Inventors Invent

rube goldberg

Patents and Inventions – every night for the past few weeks my son and I have looked forward to opening Travis Brown’s book, “Popular Patents”.  We’ve read about patents issued for the adding machine, barbed wire, the moveable-frame beehive, billiard balls, bottle caps, cannons, the safety elevator, fertilizer, frozen foods, glass bottles, helicopters, and the zipper.  What we love is that each story has some crazy angle (like how zippers were called “hookless fasteners” until an order for 150,000 units were  placed by the Goodrich Company for their “Zipper Boots”).  And we continue to notice how EVERY single story reveals inventors that carry patents for MULTIPLE non-related items.  They cannot seem to stop: inventors invent!

patent books and toilet

Speaking of Fertilizer (first US patent for artificial fertilizer granted in 1859) – we read through (OH MY GOSH) “TOILET – How It Works”, meticulously illustrated by David Macaulay.  This is a quick little book that can give EVERYBODY a basic knowledge of their toilet and a HUGE appreciation for every city’s wastewater treatment plant (on behalf of all clueless citizenry, thank you wastewater treatment plant workers) (possibly a type of employment that might be worse than being a middle-school bus driver).

AA006323

Yoohoo!  Vikings!  We are reading through another Graphic Library (think glorified comic book) offering, this one about the Vikings, “Lords of the Sea – the Vikings Explore the North Atlantic”.  My, these were a hardy people.  We are finding it interesting to put the Viking explorations to North America in timeline context with the likes of Christopher Columbus and the Mayflower Pilgrims.  And BTW, we’ve learned that Vikings never wore helmets with horns.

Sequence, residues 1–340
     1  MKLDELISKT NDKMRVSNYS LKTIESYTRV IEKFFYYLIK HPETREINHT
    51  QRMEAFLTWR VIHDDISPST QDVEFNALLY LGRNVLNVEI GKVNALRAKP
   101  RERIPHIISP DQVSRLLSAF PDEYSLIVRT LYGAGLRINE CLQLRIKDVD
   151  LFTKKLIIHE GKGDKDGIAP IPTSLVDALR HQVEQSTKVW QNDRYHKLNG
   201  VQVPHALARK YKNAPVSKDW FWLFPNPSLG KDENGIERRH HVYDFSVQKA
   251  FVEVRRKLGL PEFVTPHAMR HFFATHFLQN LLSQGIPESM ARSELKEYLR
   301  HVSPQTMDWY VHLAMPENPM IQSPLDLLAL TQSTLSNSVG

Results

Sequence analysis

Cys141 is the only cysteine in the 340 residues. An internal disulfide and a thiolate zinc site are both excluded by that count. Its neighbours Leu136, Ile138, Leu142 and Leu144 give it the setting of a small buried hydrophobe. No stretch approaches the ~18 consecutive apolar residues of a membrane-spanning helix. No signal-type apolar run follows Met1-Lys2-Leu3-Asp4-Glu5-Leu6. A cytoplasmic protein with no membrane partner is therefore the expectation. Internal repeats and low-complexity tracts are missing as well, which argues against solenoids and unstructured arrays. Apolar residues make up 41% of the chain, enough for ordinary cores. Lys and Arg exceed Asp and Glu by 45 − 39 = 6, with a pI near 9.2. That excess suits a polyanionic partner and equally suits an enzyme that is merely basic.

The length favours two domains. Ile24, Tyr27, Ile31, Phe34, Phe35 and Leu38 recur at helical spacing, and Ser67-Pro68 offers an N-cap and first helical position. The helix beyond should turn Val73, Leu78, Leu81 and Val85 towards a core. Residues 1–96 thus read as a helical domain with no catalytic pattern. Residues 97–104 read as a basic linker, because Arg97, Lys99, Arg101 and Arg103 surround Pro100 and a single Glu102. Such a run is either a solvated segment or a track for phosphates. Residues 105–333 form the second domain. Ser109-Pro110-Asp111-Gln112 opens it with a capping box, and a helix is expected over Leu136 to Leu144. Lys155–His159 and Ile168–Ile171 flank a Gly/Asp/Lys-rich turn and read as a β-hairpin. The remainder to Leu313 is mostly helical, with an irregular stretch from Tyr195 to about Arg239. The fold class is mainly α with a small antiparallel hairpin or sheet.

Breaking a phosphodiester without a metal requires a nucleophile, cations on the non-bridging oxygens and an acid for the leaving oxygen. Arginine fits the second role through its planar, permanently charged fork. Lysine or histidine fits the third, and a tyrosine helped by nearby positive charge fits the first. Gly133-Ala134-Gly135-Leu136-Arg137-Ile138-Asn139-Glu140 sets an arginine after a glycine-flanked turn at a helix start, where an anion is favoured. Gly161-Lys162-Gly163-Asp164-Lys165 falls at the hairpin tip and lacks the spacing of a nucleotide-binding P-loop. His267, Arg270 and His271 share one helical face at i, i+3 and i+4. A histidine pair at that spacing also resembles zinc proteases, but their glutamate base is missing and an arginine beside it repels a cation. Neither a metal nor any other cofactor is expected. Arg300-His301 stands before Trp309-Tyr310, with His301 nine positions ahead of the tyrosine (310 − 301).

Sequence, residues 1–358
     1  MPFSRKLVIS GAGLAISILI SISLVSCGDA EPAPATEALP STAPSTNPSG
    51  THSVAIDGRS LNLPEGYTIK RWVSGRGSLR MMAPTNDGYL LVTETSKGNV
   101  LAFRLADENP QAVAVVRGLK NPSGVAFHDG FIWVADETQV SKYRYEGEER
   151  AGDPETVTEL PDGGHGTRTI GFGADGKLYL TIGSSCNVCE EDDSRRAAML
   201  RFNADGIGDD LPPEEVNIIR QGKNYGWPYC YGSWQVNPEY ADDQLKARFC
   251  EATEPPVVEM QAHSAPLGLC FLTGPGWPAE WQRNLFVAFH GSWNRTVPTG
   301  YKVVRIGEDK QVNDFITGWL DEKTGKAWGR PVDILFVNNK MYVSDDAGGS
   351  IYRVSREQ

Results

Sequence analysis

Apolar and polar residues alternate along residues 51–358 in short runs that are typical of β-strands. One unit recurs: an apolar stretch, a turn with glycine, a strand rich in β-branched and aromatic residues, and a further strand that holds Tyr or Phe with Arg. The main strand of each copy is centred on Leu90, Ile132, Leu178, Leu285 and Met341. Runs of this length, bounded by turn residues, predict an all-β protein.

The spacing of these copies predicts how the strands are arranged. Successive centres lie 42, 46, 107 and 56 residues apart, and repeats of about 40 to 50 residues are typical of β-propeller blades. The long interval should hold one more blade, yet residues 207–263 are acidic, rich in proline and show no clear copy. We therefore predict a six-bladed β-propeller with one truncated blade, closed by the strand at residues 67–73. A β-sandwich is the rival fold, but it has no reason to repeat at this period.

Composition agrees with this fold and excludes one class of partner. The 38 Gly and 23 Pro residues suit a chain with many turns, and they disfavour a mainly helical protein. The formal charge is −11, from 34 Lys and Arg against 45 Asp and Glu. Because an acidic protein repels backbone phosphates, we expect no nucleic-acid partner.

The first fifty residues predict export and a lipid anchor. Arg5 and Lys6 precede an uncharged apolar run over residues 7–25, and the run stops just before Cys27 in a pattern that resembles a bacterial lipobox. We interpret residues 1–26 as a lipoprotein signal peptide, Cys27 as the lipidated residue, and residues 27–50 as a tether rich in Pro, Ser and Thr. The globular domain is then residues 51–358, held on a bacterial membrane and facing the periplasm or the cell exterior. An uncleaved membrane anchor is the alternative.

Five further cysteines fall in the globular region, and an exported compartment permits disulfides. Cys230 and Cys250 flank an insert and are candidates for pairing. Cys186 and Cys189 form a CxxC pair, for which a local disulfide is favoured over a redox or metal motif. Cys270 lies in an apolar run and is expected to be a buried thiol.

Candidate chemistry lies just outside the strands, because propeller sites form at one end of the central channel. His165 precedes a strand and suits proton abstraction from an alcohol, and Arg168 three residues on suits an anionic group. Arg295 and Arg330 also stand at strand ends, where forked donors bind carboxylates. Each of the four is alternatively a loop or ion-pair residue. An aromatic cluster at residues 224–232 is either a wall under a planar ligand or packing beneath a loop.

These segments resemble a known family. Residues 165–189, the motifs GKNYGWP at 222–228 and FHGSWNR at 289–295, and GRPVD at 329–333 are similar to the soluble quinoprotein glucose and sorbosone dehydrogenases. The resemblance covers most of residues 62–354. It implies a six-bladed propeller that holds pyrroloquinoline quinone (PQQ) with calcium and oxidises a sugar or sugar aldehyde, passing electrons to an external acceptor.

falcon book

Reading for fun – My husband and I enjoy the screenwriting of Anthony Horowitz (think “Foyle’s War”), so when I found out that he wrote for the young adult level, I knew my son and I would want to give this a try.  We have started his book, “The Falcon’s Malteser”.  Lots of things to explain to my son as we read along (starting with the title), but this is a very fun, very clever detective novel. Perfect level for my son.

chef hatchef hatchef hat

Who’s Cooking at Le Fictitious Local Diner? (story problem) – in August, the diner is offering two week-long (Monday through Friday) cooking camps; one for 7th and 8th graders and one for high school students.  The class fee is $200 per student and includes lunch every day and a chef hat. There is room for 10 students in each camp.  If it costs the diner $4 for each lunch, and $50 for cooking materials for each student for a week, and a chef’s hat costs $6 each, how much will the diner spend on each camper?  At the end of camp, how much will the diner have netted? (answer at bottom of post)

Only Fun Music Allowed (our classical music theme last night) –

  • “Dance of the Hours” (note:  this piece has a LONG 2 minute intro –  the high voltage fun begins about 7.5 minutes into piece), from the opera “La Gioconda” (1880) by Amilcare Ponchielli.  Even though this music was hilariously and successfully used in Disney’s “Fantasia” and Allen Sherman’s “Hello Muddah, Hello Faddah”, we were sorry to learn that “La Gioconda” is actually a heart-wrenching tragedy.  But anyway:

  • “Chicken Reel”, written in 1910 by Joseph Daly (and used in several animated cartoons to depict rollicking farm life), and arranged for orchestra by LeRoy Anderson in 1946.  Anderson had so much fun with this – beginning with the ridiculously grand aggressive Paso Doble introduction. Great piece:

  • “The Pink Panther”, the iconic Henry Mancini piece composed in 1963. (My son and I love the triangle action.) This short film clip showcases Henry Mancini as conductor, as well as bits of Pink Panther cartoon magic:

Welcome to the best part of my day!
Jane BH
(story problem answers:  $76, $2,480)

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